“Preliminary information from Mexican legislative sources indicates that the intent of the draft legislation is to clarify the meaning of 'small amounts' of drugs for personal use as stated in current Mexican law,” Janelle Hironimus, a State Department press agent, told The San Diego Union-Tribune in a prepared statement.

“We are working with our colleagues in Mexico to get additional information on this proposed legislation,” she said.

The statement also noted that the United States and Mexico “have a strong history of counter-narcotics cooperation, and the Fox administration has taken a firm stance against illegal drug cultivation, trafficking and abuse.”

Currently, Mexican law leaves open the possibility of dropping charges against people caught with drugs if they are considered addicts and if “the amount is the quantity necessary for personal use.” But the exemption isn't automatic.

The new bill drops the “addict” requirement – automatically allowing any “consumers” to have drugs – and sets out specific allowable quantities.

Victor Clark, a Tijuana-based human rights activist who follows drug trends closely, said it appears the law would lead to more people being prosecuted for drug possession.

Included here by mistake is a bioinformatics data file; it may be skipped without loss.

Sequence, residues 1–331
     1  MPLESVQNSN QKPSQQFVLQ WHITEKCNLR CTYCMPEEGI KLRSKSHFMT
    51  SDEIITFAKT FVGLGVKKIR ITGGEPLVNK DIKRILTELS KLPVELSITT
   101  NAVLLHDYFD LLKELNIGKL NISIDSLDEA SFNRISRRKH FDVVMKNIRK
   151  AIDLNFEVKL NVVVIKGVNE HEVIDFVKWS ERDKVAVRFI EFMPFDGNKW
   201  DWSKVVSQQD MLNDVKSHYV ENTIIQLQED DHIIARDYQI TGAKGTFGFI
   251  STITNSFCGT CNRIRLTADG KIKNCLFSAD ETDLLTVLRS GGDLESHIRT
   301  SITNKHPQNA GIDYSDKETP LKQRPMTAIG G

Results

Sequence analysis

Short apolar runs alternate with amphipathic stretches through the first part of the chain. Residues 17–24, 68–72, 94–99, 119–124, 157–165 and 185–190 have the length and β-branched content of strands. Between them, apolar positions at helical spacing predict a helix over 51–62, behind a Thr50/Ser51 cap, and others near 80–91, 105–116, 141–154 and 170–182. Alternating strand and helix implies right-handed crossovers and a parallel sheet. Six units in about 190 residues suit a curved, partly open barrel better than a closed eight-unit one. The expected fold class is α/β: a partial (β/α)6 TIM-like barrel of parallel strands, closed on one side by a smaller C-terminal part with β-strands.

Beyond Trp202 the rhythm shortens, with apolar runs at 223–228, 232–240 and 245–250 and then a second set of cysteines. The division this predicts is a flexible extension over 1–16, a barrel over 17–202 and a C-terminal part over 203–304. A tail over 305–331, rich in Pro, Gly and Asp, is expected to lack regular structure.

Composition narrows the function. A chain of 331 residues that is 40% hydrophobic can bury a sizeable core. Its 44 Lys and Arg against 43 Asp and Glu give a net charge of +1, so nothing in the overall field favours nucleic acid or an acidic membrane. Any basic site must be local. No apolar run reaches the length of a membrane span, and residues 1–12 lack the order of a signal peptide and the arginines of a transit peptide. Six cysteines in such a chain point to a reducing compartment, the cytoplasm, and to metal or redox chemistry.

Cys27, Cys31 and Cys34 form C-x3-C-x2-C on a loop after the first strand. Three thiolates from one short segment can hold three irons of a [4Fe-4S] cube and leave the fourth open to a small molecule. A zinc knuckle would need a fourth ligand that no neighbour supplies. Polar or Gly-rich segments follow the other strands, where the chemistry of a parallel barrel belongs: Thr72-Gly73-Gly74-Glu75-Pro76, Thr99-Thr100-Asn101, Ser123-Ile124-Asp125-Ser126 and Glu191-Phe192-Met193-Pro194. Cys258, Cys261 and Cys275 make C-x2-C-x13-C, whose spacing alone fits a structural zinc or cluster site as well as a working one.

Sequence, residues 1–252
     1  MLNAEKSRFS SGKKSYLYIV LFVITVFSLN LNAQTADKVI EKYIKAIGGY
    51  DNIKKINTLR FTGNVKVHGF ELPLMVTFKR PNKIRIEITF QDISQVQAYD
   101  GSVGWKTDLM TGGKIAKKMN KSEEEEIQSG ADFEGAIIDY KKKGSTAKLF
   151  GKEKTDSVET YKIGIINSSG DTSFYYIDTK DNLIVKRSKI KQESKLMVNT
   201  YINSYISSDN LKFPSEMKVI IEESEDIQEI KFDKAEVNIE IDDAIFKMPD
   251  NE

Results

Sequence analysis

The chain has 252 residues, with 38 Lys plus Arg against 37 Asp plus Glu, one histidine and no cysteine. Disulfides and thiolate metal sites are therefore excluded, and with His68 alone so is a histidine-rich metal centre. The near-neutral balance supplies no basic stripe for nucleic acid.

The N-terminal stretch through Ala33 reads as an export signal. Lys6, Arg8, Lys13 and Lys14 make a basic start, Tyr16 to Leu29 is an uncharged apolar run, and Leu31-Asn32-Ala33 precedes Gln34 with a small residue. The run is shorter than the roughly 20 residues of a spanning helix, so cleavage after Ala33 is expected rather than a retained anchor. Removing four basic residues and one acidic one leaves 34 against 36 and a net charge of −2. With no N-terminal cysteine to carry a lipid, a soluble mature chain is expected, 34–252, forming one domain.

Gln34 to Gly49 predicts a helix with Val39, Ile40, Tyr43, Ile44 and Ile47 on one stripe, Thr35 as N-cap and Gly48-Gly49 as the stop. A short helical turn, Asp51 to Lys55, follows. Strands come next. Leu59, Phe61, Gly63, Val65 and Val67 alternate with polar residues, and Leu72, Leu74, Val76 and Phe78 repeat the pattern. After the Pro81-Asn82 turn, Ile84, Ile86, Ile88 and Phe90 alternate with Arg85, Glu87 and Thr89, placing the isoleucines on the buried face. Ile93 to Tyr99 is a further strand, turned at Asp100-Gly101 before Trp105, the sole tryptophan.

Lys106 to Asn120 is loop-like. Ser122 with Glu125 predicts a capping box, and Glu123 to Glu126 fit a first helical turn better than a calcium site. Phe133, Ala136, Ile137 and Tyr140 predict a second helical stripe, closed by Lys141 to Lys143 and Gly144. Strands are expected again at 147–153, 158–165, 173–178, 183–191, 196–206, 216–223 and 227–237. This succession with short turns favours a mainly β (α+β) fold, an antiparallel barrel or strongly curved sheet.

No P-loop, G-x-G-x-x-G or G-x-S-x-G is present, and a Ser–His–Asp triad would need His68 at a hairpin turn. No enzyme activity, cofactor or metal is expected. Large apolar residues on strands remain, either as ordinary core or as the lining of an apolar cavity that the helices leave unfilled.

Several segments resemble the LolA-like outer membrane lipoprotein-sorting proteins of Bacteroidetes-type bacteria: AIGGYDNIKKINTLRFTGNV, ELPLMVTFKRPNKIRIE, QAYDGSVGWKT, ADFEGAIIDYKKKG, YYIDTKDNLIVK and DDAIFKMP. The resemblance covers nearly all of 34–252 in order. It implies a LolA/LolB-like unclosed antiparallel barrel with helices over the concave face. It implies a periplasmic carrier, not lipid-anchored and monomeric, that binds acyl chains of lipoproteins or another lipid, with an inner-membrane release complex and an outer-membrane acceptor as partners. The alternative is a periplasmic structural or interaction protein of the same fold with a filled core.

Clark said that under the previous law, many people were able to argue that they were addicts, and that meant they were back in the streets within hours.

Sale of all drugs would remain illegal under the proposed law. Still, the effects could be significant, given that Mexico is rapidly becoming a drug-consuming nation as well as a shipment point for traffickers.

The policy change is likely to surface when John Walters, director of the National Drug Control Policy in Washington, arrives in San Diego to meet with officials Wednesday.

A spokesman for Walters said the director's trip was planned prior to the development south of the border.

Mexican officials hope the law will help police focus on large-scale trafficking operations, rather than minor drug busts. The bill also stiffens penalties for trafficking and possession of drugs – even small quantities – by government employees or near schools, and maintains criminal penalties for drug sales.